3)…and then you went inside, and that illusion was completely shattered. But you stayed, because of its homeliness…
4)…but also because the elevators took you about three days to get to the fourth floor. I mean, really.
4) The smell of the stacks on the floors 6 & up.
5) The weird little lockers that people must have stored their things in at one point in time–maybe the sixties–but now just seems fitting for stray body parts or dead Carolina squirrels.
I could go on, but I realize my “fondness” may be hard to understand for non-Carolina students. So I digress.
The New School Library is luxurious, new, shiny, bright. You go through one set of heavy, working doors to go into another set of heavy, working doors and there are security guards and turnstiles, like you’re going on the subway. A really fancy subway with six floors and then some–some of which are undergraduate dorms.
Except the turnstiles don’t turn–they’re the new and improved turnstiles, the ones for which you have to swipe your ID on a black strip that then goes green in order for its little metal arms to open, welcoming you into its luxurious, new, shiny atmosphere.
That’s how it should go.
On my first day in, I tried to get a look at the person going in before me, studying the technique like I was about to go pole vaulting for the first time–the position of the ID, how high you hold it, face up or face down?–but that person moved so fast that I missed it. I probably could have figured it out, but not wanting to spend even ten seconds looking like a freshman and wanting to hurry up and get my assignment done, I skipped any solo attempts and walked to the security desk (as if that made me look even less like a freshman).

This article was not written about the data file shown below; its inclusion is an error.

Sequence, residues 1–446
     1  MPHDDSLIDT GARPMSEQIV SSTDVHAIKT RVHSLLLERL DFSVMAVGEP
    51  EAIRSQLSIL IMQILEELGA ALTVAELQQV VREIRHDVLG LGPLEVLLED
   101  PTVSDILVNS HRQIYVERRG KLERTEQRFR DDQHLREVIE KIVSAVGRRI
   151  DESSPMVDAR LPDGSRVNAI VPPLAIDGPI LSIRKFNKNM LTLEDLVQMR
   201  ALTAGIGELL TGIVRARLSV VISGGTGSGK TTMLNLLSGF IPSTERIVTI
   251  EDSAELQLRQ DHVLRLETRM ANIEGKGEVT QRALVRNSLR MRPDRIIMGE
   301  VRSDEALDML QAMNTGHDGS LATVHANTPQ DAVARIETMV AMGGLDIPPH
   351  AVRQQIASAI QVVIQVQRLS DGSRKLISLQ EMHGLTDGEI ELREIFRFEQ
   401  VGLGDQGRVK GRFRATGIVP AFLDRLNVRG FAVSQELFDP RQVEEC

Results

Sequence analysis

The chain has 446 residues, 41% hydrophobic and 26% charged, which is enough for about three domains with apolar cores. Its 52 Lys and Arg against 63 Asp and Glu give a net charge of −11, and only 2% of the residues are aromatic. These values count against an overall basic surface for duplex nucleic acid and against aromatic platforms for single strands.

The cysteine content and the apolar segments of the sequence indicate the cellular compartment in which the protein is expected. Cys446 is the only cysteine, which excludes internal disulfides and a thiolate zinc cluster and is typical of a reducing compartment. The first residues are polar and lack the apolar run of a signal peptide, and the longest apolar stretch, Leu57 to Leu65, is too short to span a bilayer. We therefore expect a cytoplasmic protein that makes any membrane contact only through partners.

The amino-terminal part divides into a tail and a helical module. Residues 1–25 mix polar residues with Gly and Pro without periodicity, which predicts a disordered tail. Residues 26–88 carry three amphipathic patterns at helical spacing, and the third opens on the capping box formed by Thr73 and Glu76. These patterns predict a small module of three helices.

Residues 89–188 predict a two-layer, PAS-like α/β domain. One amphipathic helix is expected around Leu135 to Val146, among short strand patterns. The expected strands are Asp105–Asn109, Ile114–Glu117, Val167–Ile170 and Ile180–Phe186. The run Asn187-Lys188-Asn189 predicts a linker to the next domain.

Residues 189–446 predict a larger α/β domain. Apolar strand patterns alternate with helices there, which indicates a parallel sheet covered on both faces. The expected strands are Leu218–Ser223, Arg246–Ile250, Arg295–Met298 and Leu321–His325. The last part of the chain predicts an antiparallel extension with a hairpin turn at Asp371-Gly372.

“Can you help me?” I asked. He didn’t respond; he did it and handed it to me. I think they were watching football.
It took me up to about when I was going up in the luxurious, new, shiny elevator to realize that I hadn’t really watched him do it. So I still wasn’t sure how to get in. It was a problem for another day.
The next day I was somehow able to get in with no difficulty, but then getting out was a problem. The door through which I’d gone Saturday, the one that went directly out of the lobby instead of making me go back through the dreaded hi-tech turnstiles, was inexplicably locked. I walked to another set of doors. Locked.
“You can’t go out that way,” said a black guy happening to see my confusion, wearing the same expressionless look that the security guard had worn the previous day. (And, just to note, I’m pretty sure that same security guard was there that day, too, but he hadn’t bothered to tell me the news that the brother told me.)
“So…where can I go out?” I asked, trying to hide my agitation. I just wanted to get out of there. Fast. I’d already unsuccessfully tried two sets of doors and felt like everyone was staring at me like a lost child.
He said plainly, “Through the way you came in,” nodding at something behind me, and kept moving.
I turned. He had indicated the turnstiles. The luxurious, new, shiny turnstiles that led to the two sets of heavy, working doors (i.e. the main doors to the building) and out onto hustling, bustling 5th ave.
I complied with the rules. And as I waited for the little metal arms of the turnstile to sense my movement so they’d open up and let me out, I also sensed that I still had so, so very much to learn.
1My only explanation for this terrible inconvenience is so that people like me won’t stay there for longer than an unplugged Macbook charger using their free Wi-Fi will allow. So, basically, the same reason why places blast their air conditioning.
2The answer to this question of “why not” came up whenever I sat down; whenever I stood up after long amounts of time; whenever I tried to reach for anything that was two inches away from me; whenever I went up stairs; whenever I went down stairs; whenever I stood will; whenever I breathed, etc. I wasn’t un-sore until about a day before the second session of class rolled around. It was a lot easier, though.